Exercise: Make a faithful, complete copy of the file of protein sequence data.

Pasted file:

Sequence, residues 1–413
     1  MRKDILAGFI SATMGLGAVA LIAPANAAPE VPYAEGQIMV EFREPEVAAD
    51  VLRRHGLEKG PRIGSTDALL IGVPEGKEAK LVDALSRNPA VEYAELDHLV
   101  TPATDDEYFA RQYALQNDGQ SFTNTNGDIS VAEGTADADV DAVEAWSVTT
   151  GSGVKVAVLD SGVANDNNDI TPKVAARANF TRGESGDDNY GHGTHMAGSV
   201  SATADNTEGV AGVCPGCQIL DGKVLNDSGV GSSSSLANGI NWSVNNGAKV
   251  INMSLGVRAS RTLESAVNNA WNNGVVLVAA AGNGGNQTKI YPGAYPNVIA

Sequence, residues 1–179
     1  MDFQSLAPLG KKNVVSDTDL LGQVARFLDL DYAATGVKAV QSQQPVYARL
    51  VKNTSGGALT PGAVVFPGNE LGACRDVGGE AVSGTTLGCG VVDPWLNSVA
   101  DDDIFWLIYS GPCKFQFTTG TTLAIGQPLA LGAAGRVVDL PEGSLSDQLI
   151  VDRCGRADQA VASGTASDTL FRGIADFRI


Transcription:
Sequence, residues 1–413
     1  MRKDILAGFI SATMGLGAVA LIAPANAAPE VPYAEGQIMV EFREPEVAAD
    51  VLRRHGLEKG PRIGSTDALL IGVPEGKEAK LVDALSRNPA VEYAELDHLV
   101  TPATDDEYFA RQYALQNDGQ SFTNTNGDIS VAEGTADADV DAVEAWSVTT
   151  GSGVKVAVLD SGVANDNNDI TPKVAARANF TRGESGDDNY GHGTHMAGSV
   201  SATADNTEGV AGVCPGCQIL DGKVLNDSGV GSSSSLANGI NWSVNNGAKV
   251  INMSLGVRAS RTLESAVNNA WNNGVVLVAA AGNGGNQTKI YPGAYPNVIA

Sequence, residues 1–179
     1  MDFQSLAPLG KKNVVSDTDL LGQVARFLDL DYAATGVKAV QSQQPVYARL
    51  VKNTSGGALT PGAVVFPGNE LGACRDVGGE AVSGTTLGCG VVDPWLNSVA
   101  DDDIFWLIYS GPCKFQFTTG TTLAIGQPLA LGAAGRVVDL PEGSLSDQLI
   151  VDRCGRADQA VASGTASDTL FRGIADFRI